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To Know and Not to Do

"Anyone who listens to the Word but does not do what it says is like a man who looks at his face in a mirror and, after looking at himself, goes away and immediately forgets what he looks like. But the man who looks intently into the perfect law that gives freedom, and continues to do this, not forgetting what he has heard, but doing it—he will be blessed in what he does."1

Here's a riddle I recently read: "Five frogs sat on a log. Four decided to jump off. How many frogs left on the log?"

There were two brothers in Georgia during the 1950s. One decided that, in opposition to the dominant culture of the day, he was going to participate in the formation of a desegregated community. The other worked as an attorney for a prominent law firm. Both were Christians and attended church regularly. As the community formed and social pressure forced the community into court proceedings, the one brother asked his attorney brother to help them with the legal work. The brother refused, saying that he could lose his job. He pressured his brother to help with a reminder that he was a Christian. The lawyer responded, "I will follow Jesus to His cross, but it is His cross. I have no need to be crucified." To this his brother replied, "Then you are an admirer of Jesus, but not His disciple."2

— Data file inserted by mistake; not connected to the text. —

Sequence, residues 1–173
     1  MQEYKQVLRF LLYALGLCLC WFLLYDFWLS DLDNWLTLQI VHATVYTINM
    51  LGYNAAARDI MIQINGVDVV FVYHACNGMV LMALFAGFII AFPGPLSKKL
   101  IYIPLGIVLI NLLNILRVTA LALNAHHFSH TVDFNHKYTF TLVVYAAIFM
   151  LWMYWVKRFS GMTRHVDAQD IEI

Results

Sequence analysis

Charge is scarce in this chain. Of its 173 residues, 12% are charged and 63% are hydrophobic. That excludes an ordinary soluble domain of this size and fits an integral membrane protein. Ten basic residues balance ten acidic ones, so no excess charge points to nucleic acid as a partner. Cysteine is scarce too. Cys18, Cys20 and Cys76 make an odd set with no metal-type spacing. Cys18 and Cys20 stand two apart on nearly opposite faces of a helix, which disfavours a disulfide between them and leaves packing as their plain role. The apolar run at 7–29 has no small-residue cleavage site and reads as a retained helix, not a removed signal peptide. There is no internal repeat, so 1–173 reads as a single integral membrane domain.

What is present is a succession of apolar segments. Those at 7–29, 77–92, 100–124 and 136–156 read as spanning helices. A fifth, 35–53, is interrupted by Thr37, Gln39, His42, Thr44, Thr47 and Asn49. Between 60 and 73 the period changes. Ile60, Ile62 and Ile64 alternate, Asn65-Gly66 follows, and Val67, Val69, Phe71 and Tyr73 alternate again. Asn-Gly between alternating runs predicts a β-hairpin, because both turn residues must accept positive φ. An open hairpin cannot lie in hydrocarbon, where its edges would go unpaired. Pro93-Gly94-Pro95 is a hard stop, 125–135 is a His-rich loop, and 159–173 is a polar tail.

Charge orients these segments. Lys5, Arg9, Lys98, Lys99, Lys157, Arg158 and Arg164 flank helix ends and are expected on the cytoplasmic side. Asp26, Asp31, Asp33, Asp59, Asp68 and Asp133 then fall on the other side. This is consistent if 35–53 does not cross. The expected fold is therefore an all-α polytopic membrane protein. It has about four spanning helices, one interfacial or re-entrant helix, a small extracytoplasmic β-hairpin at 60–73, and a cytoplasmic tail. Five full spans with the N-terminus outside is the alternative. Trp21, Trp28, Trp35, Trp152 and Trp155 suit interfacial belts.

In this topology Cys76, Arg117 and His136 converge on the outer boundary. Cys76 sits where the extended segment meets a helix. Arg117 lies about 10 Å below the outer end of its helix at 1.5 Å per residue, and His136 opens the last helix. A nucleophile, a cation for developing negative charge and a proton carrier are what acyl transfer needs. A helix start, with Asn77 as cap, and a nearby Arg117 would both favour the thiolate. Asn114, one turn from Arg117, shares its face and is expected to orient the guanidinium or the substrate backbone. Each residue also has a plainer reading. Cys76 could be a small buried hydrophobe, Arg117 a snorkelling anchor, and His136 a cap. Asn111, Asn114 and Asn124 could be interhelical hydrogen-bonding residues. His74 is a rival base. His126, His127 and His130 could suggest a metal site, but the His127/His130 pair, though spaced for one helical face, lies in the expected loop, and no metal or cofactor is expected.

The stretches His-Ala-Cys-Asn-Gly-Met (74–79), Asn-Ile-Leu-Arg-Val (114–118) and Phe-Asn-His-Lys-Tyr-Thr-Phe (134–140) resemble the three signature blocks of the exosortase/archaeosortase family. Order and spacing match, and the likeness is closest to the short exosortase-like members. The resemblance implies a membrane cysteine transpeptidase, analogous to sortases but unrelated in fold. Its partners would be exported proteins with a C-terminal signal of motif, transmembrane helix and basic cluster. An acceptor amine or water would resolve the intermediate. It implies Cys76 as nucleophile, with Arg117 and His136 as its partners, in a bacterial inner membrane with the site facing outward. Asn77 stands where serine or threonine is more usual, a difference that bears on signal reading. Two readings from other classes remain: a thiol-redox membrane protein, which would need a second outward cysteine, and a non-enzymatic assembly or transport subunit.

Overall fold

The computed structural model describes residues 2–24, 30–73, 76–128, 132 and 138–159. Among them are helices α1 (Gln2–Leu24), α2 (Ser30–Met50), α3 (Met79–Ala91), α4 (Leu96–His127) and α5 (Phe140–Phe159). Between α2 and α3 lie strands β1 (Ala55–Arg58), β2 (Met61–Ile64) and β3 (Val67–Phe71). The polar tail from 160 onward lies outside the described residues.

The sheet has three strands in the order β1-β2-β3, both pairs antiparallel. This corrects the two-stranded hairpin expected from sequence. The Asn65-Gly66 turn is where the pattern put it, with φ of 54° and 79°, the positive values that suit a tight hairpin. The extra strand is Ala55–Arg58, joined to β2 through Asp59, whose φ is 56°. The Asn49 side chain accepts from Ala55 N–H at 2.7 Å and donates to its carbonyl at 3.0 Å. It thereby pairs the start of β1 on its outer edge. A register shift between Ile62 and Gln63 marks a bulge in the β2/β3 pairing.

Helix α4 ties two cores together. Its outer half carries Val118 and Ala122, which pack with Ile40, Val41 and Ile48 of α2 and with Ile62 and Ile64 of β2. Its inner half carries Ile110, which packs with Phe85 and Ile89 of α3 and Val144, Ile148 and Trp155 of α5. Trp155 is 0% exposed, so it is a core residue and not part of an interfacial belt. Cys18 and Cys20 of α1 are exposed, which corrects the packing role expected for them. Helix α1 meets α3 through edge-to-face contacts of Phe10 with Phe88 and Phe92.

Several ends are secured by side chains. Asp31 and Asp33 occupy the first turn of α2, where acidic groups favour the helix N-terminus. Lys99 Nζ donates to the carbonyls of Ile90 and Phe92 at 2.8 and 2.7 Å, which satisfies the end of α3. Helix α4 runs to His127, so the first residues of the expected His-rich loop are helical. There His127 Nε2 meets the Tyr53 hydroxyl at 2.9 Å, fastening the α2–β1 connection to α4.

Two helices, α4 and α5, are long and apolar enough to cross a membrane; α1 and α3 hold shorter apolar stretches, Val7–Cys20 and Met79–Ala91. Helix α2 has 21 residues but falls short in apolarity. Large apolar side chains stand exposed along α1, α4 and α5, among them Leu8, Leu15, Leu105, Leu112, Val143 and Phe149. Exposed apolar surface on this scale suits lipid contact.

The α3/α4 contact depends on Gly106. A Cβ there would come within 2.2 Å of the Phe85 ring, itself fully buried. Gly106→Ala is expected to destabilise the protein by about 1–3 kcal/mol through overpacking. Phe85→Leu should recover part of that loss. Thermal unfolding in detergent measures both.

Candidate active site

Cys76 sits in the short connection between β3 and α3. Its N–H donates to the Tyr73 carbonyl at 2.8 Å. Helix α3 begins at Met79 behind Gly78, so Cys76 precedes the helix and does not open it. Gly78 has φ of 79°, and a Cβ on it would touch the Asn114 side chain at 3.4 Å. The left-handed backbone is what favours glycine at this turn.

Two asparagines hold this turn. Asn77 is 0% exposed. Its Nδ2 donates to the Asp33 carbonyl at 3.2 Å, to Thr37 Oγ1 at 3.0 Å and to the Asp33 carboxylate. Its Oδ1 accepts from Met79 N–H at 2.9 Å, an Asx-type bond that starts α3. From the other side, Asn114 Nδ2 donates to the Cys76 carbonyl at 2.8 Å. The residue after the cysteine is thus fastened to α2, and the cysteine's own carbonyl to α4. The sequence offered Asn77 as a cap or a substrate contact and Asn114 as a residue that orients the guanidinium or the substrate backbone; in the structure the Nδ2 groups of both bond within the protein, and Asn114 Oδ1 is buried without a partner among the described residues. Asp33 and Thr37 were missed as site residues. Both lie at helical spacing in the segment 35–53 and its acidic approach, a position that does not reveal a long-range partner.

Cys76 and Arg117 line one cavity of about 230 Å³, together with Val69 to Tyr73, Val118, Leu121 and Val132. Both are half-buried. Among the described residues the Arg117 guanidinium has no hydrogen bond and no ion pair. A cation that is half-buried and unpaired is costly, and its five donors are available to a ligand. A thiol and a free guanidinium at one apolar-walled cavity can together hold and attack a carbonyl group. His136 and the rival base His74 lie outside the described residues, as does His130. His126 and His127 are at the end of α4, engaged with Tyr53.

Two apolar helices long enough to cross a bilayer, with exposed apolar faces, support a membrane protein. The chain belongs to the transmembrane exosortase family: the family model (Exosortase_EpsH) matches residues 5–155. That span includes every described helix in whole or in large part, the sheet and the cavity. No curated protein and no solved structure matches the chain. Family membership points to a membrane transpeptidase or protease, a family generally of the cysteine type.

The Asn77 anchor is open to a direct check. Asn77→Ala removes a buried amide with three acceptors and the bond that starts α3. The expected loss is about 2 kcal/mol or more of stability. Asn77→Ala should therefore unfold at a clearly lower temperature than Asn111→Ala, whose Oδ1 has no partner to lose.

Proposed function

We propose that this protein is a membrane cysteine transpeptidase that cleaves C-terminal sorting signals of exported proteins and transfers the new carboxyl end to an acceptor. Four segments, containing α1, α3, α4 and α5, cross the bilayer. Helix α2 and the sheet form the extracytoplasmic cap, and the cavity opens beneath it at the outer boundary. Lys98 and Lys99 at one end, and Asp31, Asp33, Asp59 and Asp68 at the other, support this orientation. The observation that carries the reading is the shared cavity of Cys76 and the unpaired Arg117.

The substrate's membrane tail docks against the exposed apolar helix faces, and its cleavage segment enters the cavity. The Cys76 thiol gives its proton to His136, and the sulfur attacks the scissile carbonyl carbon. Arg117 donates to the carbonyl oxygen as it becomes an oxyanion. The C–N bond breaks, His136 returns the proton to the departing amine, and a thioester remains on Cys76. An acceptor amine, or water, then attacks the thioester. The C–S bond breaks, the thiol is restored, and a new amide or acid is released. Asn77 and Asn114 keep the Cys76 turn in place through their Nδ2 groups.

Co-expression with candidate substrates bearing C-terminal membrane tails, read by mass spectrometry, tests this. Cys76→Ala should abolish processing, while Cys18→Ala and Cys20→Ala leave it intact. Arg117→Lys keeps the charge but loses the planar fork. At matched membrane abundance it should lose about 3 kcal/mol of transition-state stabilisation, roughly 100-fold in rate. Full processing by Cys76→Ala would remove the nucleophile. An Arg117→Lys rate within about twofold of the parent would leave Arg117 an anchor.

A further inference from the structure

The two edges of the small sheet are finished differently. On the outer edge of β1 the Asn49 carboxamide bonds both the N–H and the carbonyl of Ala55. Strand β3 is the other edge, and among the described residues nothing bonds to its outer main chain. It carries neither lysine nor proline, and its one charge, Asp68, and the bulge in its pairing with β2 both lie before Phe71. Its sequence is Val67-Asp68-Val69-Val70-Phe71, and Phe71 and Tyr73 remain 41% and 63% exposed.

What was your answer to the riddle above? Was it one, two, three, or four? According to the person who posed the question the answer is five. "How come?" you ask. It's because there is a world of difference between deciding and doing.

As a Buddhist monk once said, "To know and not to do is not yet to know." To translate this into our Christian terminology I would put it this way: "To believe and not to act is not yet to believe for I only truly believe that which motivates me to action."

Suggested prayer: "Dear God, in appreciation for all You have done for me, please help me to be a faithful follower and disciple of Jesus, and not just an admirer or a hearer of Your Word. Thank You for hearing and answering my prayer. Gratefully, in Jesus' name, amen."

1. James 1:23-25 (NIV).
2. Brett Blair, Adapted from a sermon by Brian Stoffregen on


All articles on this website are written by
Richard (Dick) Innes unless otherwise stated.